In the post Why Do We Use C++, I made the following statement.
Another, often forgotten strength of C++ and of many traditional modular and modular-turned-OO languages is linking, or more generally, we might say 'package management'. C++ innately offers build-time linking and runtime 'linking' is also usually available (i.e., DLLs). This allows graceful scaling. Tool support for this in C++ is strong and reasonably robust because C++ is so frequently used to build enormous projects. It's possible to build massive projects in pieces in ways that are awkward or impossible in many functional or logic languages.
C++ good at linking and package management??? That's the most ridiculous thing I've heard all week. This is one of the weakest aspects of C++. Where to start:
* no standard ABI for compiled code. ("Don't mix compilers")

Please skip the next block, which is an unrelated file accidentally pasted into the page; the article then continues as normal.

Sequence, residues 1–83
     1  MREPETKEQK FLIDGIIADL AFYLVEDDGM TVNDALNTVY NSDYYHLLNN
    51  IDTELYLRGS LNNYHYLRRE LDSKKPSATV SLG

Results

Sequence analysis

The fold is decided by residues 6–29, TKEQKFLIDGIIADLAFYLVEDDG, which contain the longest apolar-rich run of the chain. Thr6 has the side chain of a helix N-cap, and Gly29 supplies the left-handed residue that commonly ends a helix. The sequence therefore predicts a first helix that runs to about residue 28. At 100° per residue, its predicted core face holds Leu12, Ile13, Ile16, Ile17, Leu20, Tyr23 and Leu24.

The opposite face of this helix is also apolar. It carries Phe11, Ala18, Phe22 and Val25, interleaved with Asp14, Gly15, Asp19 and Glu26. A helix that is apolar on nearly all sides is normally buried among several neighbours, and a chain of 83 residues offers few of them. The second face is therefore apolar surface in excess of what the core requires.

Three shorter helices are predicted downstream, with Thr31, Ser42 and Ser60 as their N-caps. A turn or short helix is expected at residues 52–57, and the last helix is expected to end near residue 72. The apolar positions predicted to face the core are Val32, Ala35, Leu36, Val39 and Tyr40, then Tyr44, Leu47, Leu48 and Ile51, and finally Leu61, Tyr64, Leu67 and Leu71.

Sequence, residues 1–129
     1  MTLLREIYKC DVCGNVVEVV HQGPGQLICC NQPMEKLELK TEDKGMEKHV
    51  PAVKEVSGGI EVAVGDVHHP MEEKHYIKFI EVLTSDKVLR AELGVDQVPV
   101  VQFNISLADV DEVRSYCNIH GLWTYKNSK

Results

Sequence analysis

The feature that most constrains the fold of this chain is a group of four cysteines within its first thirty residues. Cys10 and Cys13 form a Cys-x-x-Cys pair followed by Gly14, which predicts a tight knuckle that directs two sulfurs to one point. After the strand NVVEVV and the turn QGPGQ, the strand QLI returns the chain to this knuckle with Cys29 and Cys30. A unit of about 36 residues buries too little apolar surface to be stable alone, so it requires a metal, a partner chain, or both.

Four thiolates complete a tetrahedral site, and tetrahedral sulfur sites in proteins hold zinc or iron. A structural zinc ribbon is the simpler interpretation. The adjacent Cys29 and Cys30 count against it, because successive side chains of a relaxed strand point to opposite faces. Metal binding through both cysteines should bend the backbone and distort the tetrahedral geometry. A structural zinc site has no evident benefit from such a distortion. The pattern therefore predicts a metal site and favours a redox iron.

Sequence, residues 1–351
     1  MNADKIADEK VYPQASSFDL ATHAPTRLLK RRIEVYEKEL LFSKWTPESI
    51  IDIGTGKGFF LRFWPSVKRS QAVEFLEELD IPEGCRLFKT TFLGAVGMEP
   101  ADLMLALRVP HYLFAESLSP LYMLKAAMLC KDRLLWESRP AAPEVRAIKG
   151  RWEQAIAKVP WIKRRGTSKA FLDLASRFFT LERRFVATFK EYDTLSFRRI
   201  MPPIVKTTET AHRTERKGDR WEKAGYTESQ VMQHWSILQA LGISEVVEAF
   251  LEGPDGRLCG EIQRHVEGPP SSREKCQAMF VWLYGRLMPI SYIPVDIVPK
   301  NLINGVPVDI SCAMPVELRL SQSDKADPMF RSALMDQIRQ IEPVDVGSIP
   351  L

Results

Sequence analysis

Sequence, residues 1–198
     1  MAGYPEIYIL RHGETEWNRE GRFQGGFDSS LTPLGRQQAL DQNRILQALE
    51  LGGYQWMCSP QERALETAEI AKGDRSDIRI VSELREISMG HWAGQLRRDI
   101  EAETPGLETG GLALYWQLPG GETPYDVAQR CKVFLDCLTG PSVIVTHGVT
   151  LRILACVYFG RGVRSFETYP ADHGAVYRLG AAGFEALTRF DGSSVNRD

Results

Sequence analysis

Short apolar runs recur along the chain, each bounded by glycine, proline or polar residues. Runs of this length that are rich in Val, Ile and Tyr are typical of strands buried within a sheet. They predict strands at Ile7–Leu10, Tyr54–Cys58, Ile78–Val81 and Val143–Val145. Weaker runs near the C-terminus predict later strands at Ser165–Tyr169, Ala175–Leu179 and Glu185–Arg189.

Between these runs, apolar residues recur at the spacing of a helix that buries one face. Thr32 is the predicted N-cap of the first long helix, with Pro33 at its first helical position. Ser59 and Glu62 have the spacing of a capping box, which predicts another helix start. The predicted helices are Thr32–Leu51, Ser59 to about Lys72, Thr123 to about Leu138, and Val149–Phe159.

* no standard for managing namespaces and packages like in Java.
* Very hard to evolve a class and keep binary compatibility. Lots of obscure compiler depend rules need to be followed to do this. ("Change a .h file, rebuild everything that uses it")
* dynamically loading code modules has to be done manually. Java, Python and other languages load classes on demand.
* C++ code can call C code, but any other kind of mixed language development is a nightmare.
* easy to break features like dynamic_cast when loading share libraries. (My fun debugging adventure this last week...)
I think Simon makes some excellent points here. So I'd like to ask the community.
What is the best language (and what are the best language features) for linking/loading and package and library management?